Second-order optimality and beyond: characterization and evaluation complexity in nonconvex convexly-constrained optimization

Coralia Cartis, Nicholas I M Gould, Philippe Toint

Résultats de recherche: Contribution à un journal/une revueArticle

Résumé

High-order optimality conditions for convexly-constrained nonlinear
optimization problems are analyzed. A corresponding (expensive) measure of criticality for arbitrary order is proposed and extended to define high-order $\epsilon$-approximate critical points. This new measure is then used within a conceptual trust-region algorithm to show that, if derivatives of theobjective function up to order $q \geq 1$ can be evaluated and are Lipschitz continuous, then this algorithm applied to the convexly constrained problem needs at most $O(\epsilon^{-(q+1)})$ evaluations of $f$ and its derivatives to compute an $\epsilon$-approximate $q$-th order critical point. This provides the first evaluation complexity result for critical points of arbitrary order in nonlinear optimization. An example is discussed showing that the obtained evaluation complexity bounds are essentially sharp.
langueAnglais
journalFoundations of Computational Mathematics
étatAccepté/sous presse - 28 mai 2017

Empreinte digitale

Nonconvex Optimization
Constrained Optimization
Optimality
Evaluation
Constrained optimization
Derivatives
Critical point
Nonlinear Optimization
Higher Order
Derivative
Arbitrary
Trust Region Algorithm
Order Conditions
Criticality
Optimality Conditions
Lipschitz
Nonlinear Problem
Optimization Problem

mots-clés

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    Second-order optimality and beyond : characterization and evaluation complexity in nonconvex convexly-constrained optimization. / Cartis, Coralia; Gould, Nicholas I M; Toint, Philippe.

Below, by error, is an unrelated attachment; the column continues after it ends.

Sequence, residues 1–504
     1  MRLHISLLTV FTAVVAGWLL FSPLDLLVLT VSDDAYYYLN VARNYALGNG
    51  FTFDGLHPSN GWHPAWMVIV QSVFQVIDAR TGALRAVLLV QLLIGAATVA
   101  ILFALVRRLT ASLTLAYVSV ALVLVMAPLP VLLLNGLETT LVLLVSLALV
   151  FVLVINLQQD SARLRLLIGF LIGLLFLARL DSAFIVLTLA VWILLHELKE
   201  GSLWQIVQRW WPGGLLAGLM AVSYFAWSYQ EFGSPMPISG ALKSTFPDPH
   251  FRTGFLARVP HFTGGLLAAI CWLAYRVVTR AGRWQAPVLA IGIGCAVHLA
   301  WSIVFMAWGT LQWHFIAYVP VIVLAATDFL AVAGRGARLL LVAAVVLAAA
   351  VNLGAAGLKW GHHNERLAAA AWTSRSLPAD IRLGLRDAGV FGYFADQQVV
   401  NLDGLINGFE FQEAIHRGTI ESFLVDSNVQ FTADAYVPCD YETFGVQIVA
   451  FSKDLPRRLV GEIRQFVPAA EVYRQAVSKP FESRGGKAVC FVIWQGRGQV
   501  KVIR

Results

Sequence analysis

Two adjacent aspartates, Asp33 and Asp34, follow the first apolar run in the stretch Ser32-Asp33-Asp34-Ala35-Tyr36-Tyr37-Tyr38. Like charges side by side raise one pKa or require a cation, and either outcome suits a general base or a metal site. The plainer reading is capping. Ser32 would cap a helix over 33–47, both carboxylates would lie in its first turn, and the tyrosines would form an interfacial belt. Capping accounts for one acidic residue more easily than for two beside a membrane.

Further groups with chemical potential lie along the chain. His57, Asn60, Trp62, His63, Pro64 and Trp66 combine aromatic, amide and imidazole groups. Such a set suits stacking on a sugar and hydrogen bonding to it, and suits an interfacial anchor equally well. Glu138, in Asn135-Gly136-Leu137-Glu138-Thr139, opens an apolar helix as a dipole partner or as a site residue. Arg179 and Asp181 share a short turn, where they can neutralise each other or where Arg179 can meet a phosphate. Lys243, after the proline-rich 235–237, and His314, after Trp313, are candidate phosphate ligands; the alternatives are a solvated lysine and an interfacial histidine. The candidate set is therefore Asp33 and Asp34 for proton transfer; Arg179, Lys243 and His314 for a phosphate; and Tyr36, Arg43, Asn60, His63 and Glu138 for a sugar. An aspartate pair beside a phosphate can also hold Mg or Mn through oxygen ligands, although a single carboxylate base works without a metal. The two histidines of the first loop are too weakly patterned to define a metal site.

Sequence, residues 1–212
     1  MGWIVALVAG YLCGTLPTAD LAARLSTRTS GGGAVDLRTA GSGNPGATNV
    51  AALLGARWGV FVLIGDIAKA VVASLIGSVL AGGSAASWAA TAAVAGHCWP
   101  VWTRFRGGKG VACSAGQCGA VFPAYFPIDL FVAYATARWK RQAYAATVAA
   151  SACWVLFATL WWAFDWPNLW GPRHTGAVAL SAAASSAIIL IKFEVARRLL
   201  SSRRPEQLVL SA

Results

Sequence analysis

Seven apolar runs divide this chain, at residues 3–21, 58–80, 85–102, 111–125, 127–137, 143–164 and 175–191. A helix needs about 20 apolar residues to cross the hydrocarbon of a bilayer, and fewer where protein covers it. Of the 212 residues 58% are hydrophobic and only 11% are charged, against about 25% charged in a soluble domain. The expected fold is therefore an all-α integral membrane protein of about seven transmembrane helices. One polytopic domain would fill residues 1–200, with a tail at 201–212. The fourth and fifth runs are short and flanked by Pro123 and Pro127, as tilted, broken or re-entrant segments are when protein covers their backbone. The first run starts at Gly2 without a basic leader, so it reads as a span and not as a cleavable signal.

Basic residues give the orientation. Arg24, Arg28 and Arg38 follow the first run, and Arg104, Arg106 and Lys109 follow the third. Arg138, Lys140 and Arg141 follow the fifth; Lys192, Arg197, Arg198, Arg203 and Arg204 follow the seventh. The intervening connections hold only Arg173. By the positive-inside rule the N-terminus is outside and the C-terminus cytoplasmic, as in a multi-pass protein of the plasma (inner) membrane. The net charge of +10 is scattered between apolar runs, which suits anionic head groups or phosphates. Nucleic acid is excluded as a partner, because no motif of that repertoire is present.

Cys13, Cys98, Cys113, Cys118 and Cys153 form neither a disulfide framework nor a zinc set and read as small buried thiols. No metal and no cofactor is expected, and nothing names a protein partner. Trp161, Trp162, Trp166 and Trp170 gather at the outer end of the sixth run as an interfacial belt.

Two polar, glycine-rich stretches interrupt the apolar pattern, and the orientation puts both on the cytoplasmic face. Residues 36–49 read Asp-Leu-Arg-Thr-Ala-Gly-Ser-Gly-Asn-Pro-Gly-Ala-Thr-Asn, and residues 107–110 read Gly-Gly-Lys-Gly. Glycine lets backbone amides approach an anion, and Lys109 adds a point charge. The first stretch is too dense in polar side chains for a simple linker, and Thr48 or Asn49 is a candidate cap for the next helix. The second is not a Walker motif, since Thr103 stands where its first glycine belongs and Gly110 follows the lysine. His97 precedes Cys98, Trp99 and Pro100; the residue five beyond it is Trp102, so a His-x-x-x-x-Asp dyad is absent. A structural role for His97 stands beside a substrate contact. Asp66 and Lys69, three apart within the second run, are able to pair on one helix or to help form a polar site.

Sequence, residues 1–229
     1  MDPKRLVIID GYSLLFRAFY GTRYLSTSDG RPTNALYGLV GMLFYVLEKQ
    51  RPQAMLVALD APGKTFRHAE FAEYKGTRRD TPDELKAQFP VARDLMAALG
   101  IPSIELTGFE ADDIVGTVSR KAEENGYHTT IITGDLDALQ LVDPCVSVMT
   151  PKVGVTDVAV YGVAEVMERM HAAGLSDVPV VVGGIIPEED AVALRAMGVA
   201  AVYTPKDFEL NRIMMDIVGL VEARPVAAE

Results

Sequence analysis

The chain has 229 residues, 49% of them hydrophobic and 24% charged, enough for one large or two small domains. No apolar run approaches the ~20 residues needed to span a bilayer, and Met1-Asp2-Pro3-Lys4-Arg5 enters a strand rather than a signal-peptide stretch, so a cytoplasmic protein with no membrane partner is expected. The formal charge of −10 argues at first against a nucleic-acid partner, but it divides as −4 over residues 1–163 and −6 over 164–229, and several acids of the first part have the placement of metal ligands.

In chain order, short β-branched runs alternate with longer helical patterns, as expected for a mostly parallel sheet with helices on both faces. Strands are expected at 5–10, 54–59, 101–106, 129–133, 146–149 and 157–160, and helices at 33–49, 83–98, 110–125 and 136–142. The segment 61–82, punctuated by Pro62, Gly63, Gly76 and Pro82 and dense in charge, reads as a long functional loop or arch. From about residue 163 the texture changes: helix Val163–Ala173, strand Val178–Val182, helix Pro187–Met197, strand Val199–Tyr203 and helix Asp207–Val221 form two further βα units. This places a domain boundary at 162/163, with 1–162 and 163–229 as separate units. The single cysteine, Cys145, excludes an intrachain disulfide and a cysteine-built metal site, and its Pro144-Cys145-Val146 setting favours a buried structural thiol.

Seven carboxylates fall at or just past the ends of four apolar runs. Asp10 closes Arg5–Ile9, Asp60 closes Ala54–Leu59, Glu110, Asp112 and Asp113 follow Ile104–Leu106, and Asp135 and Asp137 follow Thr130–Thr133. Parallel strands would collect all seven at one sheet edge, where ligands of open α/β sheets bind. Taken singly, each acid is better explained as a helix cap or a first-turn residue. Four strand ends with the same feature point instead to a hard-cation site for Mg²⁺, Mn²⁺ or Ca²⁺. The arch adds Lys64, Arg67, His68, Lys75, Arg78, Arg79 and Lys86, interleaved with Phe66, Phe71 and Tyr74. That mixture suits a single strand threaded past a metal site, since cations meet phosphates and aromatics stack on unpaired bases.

Dans: Foundations of Computational Mathematics, 28.05.2017.

    Résultats de recherche: Contribution à un journal/une revueArticle

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    T1 - Second-order optimality and beyond

    T2 - Foundations of Computational Mathematics

    AU - Cartis,Coralia

    AU - Gould,Nicholas I M

    AU - Toint,Philippe

    PY - 2017/5/28

    Y1 - 2017/5/28

    N2 - High-order optimality conditions for convexly-constrained nonlinearoptimization problems are analyzed. A corresponding (expensive) measure of criticality for arbitrary order is proposed and extended to define high-order $\epsilon$-approximate critical points. This new measure is then used within a conceptual trust-region algorithm to show that, if derivatives of theobjective function up to order $q \geq 1$ can be evaluated and are Lipschitz continuous, then this algorithm applied to the convexly constrained problem needs at most $O(\epsilon^{-(q+1)})$ evaluations of $f$ and its derivatives to compute an $\epsilon$-approximate $q$-th order critical point. This provides the first evaluation complexity result for critical points of arbitrary order in nonlinear optimization. An example is discussed showing that the obtained evaluation complexity bounds are essentially sharp.

    AB - High-order optimality conditions for convexly-constrained nonlinearoptimization problems are analyzed. A corresponding (expensive) measure of criticality for arbitrary order is proposed and extended to define high-order $\epsilon$-approximate critical points. This new measure is then used within a conceptual trust-region algorithm to show that, if derivatives of theobjective function up to order $q \geq 1$ can be evaluated and are Lipschitz continuous, then this algorithm applied to the convexly constrained problem needs at most $O(\epsilon^{-(q+1)})$ evaluations of $f$ and its derivatives to compute an $\epsilon$-approximate $q$-th order critical point. This provides the first evaluation complexity result for critical points of arbitrary order in nonlinear optimization. An example is discussed showing that the obtained evaluation complexity bounds are essentially sharp.

    KW - Complexity theory

    KW - optimality conditions

    KW - nonlinear optimization

    M3 - Article

    JO - Foundations of Computational Mathematics

    JF - Foundations of Computational Mathematics

    SN - 1615-3375

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